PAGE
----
We got to teach a lady named Brittany who was actually an investigator, and although we obviously struggled a bit with the language, she was very patient and kind.  The lesson was on faith, and it was going very well, but as soon as I started testifying about the Atonement, my mind went back to our devotional and I found myself almost crying.  In broken Chinese me and my companion both started to share our testimony about the gospel, and as soon as I started feeling the spirit the language just started flowing so easily.  Our testimony was still very simple I'm sure, but I know she felt the spirit, because I know I did, and afterward me and Elder Stowell just walked out in awe of what the spirit can do.  The gift of tongues is real, and my testimony of repentance and forgiveness has definitely increased.  There's a quote by Theodore Roosevelt that I love that says "It is not the critic who counts, not the one who points out how the strong man stumbled or how the doer of great deeds might have done better.  The credit belongs to the man who is actually in the arena, whose face is marred by sweat and dust and blood; who strives valiantly; who errs and come up short again and again; who knows the great enthusiasms, the great detentions, and spends himself in a worthy cause; who if he wins knows the triumph of great achievements; and who, if he fails, at least fails while daring greatly so that his place shall never be with those cold and timid souls who know neither victory nor defeat."  I know he wasn't talking about repentance when he said it, but I can't help but feel that he's talking to me.  That even though we may come up short again and again, that we fall over and over, there is glory in trying.  All God cares about is direction, and although we may get discouraged and down on ourselves, we need to pick ourselves up and get back in the fight. God wants nothing less for us than exhalation so stand up, and if you can't stand, then kneel.
Dad:  Thanks so much for the letter.  I really appreciated getting to hear from you and knowing that you're doing well.  I'm pretty sure everyone here at the MTC has had at least a few hard days, but every missionary got a huge morale boost when we got to hear from the new President of the Quorum of the Twelve, Elder Russel M. Nelson.  Before he spoke, we had choir practice which is always amazing, and the director Ryan Egget is so fun and so spiritual that he gets more than half of the MTC to be in the choir.  The song he chose for us was a version of Be Still My Soul, which I've always liked, but he brought new meaning to it for me.  He spoke about how it's an odd hymn, because if you look at the lyrics, we're actually singing to ourselves.  He then revealed that Russel M. Nelson would be speaking that night, and how he chose the song specifically because President Nelson is probably going through a lot right now.  He is now the head of the Quorum Of The 12, several of his good friends and co-workers have passed on, and many are currently ill.  When we sang Be Still My Soul, it was going to be for him, because although he's going through a lot right now, God can always help us to "still our souls".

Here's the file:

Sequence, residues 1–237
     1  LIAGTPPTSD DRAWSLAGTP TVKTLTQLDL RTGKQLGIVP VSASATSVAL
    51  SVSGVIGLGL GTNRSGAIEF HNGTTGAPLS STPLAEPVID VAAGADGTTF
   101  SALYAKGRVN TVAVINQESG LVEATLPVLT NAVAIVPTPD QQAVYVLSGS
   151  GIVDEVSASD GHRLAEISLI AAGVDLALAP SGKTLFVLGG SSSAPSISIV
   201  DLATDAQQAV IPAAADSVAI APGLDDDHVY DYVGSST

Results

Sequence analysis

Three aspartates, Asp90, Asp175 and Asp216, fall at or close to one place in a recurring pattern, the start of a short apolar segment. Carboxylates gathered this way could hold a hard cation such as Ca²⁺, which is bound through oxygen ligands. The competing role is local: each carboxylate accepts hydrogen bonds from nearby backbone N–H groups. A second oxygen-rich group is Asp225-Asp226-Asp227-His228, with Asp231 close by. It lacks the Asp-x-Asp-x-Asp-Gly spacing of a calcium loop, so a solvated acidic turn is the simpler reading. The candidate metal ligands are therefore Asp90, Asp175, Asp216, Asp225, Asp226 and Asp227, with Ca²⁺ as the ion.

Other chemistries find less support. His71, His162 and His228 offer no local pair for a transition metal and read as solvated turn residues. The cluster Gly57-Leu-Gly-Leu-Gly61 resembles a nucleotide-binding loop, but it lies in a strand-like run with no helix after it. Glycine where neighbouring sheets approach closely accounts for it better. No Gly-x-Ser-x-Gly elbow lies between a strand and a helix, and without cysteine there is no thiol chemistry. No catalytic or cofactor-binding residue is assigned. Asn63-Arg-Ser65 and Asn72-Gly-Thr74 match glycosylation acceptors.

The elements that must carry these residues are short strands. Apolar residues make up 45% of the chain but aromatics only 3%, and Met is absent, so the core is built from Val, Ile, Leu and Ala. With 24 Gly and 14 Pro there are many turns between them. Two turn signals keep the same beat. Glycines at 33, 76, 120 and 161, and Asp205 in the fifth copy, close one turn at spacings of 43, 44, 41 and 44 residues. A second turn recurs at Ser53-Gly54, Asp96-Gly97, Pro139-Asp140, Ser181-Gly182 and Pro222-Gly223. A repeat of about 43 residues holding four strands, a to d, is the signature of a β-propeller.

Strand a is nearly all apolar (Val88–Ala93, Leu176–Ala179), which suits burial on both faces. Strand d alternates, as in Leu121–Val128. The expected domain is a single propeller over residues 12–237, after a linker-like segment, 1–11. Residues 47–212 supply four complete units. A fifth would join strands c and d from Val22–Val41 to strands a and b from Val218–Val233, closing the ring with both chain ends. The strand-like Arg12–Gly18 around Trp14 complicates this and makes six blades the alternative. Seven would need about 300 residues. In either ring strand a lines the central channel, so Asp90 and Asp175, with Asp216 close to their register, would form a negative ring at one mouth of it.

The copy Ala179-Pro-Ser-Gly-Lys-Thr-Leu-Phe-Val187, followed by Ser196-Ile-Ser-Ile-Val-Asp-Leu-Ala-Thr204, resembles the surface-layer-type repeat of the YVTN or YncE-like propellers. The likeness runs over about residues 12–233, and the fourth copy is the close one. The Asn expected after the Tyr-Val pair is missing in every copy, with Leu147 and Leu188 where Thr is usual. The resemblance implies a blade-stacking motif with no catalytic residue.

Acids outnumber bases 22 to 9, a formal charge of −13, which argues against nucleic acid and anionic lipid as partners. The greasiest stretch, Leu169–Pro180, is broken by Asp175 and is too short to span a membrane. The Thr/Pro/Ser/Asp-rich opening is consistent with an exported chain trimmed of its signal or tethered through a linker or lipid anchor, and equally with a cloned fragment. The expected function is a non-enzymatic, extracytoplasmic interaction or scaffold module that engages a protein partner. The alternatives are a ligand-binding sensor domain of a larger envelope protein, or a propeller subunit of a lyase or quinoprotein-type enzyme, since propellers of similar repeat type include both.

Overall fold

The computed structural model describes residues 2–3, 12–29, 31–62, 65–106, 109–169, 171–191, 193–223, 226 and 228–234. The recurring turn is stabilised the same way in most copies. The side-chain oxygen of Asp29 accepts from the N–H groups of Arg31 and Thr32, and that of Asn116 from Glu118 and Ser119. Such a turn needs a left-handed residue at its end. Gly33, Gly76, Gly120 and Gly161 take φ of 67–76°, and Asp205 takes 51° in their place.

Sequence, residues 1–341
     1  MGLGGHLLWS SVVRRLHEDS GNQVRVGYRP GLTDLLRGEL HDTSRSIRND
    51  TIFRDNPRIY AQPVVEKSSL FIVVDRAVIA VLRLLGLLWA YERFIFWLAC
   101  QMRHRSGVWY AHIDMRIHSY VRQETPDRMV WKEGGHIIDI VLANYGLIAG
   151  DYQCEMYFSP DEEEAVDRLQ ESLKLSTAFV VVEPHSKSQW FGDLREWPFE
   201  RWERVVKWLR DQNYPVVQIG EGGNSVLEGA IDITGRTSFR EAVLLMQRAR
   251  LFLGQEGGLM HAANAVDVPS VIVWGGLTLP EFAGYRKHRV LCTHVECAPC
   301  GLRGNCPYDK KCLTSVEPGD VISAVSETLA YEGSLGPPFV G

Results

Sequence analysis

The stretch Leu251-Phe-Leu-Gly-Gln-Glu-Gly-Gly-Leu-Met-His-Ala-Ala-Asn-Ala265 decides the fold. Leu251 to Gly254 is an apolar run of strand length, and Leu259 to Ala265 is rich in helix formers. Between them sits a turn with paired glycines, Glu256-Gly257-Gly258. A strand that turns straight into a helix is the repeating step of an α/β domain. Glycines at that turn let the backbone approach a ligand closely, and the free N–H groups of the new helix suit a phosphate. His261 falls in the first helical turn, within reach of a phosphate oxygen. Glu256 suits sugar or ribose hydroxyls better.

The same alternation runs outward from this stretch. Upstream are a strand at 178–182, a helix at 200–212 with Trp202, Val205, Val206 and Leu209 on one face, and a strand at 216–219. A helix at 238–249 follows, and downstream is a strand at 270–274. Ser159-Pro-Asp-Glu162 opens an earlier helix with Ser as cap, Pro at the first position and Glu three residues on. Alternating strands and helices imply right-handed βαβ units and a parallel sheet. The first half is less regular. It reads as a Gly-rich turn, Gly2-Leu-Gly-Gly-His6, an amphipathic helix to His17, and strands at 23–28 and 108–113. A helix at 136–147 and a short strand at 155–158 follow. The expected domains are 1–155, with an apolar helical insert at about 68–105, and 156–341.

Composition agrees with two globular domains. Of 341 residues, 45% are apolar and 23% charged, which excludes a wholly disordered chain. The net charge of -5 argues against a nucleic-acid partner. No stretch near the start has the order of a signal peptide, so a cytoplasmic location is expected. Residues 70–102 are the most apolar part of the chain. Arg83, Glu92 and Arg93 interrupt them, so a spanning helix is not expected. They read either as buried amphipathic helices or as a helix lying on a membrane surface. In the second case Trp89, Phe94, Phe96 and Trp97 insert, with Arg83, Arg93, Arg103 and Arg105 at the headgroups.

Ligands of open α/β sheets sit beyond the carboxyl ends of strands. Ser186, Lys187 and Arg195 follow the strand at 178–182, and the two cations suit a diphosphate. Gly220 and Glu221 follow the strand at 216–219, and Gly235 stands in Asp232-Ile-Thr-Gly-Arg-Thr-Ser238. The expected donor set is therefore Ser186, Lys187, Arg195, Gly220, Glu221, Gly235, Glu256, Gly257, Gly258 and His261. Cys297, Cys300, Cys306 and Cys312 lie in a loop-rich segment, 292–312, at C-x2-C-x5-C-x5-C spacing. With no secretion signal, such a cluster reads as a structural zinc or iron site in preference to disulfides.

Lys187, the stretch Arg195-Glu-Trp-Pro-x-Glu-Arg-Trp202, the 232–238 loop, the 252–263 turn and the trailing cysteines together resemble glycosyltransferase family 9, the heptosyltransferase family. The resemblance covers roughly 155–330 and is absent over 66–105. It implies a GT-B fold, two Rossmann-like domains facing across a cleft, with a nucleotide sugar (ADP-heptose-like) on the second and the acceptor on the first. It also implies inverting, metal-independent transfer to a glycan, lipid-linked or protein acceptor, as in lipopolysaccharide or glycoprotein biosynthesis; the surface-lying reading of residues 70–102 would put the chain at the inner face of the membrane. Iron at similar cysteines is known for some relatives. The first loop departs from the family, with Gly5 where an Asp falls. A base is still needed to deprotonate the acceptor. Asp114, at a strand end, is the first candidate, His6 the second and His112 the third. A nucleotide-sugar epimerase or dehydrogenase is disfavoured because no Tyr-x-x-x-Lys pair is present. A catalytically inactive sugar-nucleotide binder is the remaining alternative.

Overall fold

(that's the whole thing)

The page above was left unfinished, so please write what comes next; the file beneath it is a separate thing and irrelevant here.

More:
After that we got to actually hear him speak, which was amazing.  He gave one of the most sincere talks about missionary work I've ever heard, and although I know he must be reeling from the impact the church has had, I also know that he feels the influence of God in his life.  It reminded me of the last few lines of the poem Invictus which say "It matters not how straight the gate, how charged with punishments the scroll, I am the master of my fate, I am the captain of my soul."  No matter what happens to us, it is up to us to decide how we continue.  Its during hard times that God shows us who we really are, and whether we fall like Saul, David, and Solomon or fall on our knees like Alma, Nephi, and Moroni, we can always come back.
Patriarch Dallon once shared a story in sacrament about a silversmith who was asked how he knew the metal was ready to be shaped.  He replied that after heating, smashing, and bending the metal, it would only be ready when he could see his reflection in it.  God shapes us, he bends us, and sometimes we let the world break us, but we will only be ready to live with God when he can see his reflection in us.  As Elder Holland said "If for a while the harder you try the harder it gets take heart.  So it has been with the greatest people who have ever lived."
Anyway, thank you to all the people back home who have sent so many kind letters and emails.  I appreciate all of you, and I wish I had time to respond to all of them individually, but unfortunately I'm limited :/ Just know that I know this gospel is true.  If you're struggling with your faith, then lean on mine.  God lives, and he loves you.  He knows you, and he knows what you're going through.  He knows how hard life is, and he is cheering every second for you to stand back up and keep going.  Just remember that sometimes the road to Salvation has to go through Gethsemane and Calvary.  Keep true to the faith!
Elder Sabin

P.S. Mom: If you could send a lint roller, one of those stain remover pens, and some conference talks (especially Elder Holland's) in your next package, that'd be awesome.  Love you!